tink_runloop 0.1.0

Cross platform run loop abstraction

Released 2016-04-14.

To install, run:

haxelib install tink_runloop 0.1.0

See using Haxelib in Haxelib documentation for more information.

Current version0.1.0
StatisticsInstalled 826 times
Tags cross, event, tink, utility


Tink Runloop

Build Status

This library provides a cross platform run loop abstraction. It works in a single threaded mode, but does leverage multiple threads when available.

The very basis of the library is the concept of a worker, with the runloop itself being also a worker. Each worker can performed tasks. In this README we shall only sketch out minimal versions of the types involved to avoid complicating the matter.

A tasks, simply put, look very much like this:

abstract Task {
	var recurring(get, never):Bool;
	var state(get, never):TaskState;
	function cancel():Void;	
	function perform():Void;
  @:from static function ofFunction(f:Void->Void):Task;
  @:from static function repeat(f:Void->TaskRepeat):Task;
  static var NOOP(default, null):Task;

enum TaskState {

enum TaskRepeat {

Most of the time, you will want to simply create tasks from anonymous functions through the implicit conversion.

Tasks are meant to be run by workers, which essentially boild down to this:

interface Worker {	
	function work(task:Task):Task;
	function atNextStep(task:Task):Task;
	function asap(task:Task):Task;
  function kill():Void;

The default implementation of the worker has an internal queue of scheduled tasks, that are performed step by step. Commonly, you will want to add tasks at the end of the queue through work, but you can also use atNextStep to add the task at the beginning. If you're in a rush, then you can perform a task through asap, which if the calling thread is the thread that the worker runs on (which is always the case in single threaded environments), will perform the task immediately, and otherwise will add it at the beginning of the worker's queue. Try using this sparsely. Without calls to asap, it is guaranteed that a worker performs only one task at a time. Also, any task can only be performed by one worker at a time.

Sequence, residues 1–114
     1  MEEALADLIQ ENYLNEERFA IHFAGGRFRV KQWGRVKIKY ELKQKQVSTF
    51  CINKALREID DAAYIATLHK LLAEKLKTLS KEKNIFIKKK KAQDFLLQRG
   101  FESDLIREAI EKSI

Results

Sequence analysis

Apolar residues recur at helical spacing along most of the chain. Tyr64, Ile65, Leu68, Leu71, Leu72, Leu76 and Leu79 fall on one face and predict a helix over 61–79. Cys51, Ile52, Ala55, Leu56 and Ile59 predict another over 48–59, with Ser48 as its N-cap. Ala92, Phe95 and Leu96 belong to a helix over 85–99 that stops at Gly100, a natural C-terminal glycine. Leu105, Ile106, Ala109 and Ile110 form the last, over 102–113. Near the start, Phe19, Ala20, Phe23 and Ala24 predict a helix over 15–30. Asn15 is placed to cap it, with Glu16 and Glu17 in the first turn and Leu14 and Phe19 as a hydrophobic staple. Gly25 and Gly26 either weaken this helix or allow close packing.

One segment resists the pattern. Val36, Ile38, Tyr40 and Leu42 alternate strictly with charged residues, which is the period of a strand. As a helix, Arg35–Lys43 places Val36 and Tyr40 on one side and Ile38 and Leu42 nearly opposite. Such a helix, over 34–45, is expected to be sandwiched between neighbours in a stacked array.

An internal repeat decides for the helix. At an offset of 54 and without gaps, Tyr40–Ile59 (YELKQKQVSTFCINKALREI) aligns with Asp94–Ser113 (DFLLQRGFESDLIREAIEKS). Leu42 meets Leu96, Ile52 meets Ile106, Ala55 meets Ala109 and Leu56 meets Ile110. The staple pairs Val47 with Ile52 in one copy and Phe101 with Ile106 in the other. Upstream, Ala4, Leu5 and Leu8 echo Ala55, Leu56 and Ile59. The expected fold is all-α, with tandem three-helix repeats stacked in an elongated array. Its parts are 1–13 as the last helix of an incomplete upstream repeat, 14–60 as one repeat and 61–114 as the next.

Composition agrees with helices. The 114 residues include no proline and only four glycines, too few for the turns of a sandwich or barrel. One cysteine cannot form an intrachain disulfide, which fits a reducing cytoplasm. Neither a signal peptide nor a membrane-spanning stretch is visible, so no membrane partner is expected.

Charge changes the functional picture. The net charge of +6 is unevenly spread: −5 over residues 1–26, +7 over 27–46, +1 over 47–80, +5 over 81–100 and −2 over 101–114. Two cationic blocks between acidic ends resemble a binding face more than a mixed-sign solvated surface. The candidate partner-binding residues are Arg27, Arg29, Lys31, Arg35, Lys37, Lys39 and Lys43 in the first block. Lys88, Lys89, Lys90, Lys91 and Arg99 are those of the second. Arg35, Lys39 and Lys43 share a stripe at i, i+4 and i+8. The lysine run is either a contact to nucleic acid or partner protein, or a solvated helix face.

Run loops are particular implementors of the Worker interface and can be described like so:

class RunLoop implements Worker {
  static var current(get, never):RunLoop;
  function createSlave():Worker;

Currently, there is only one run loop, but that may change in the future - if a use case presents itself. You may get by, simply scheduling all tasks on the run loop and be done. But you can also create slaves. In single threaded mode, they progress when the run loop itself is idle, so they are suitable for background tasks.

Consider something like this:

import haxe.zip.*;
import tink.core.*;
class BackgroundCompression {
  static public function compress(entries:List<Entry>, level:Int, worker:Worker):Future<Noise> {
    for (e in entries)
      worker.work(function () if (!e.compressed) e.data = haxe.zip.Compress.run(e.data, level));
    return RunLoop.current.delegate(Noise, worker);

This allows you offloading compression into a slave like so:

BackgroundCompression.compress(someEntries, 9, RunLoop.current.createSlave());

Ideally, you'll want to pool slaves to avoid creating too many.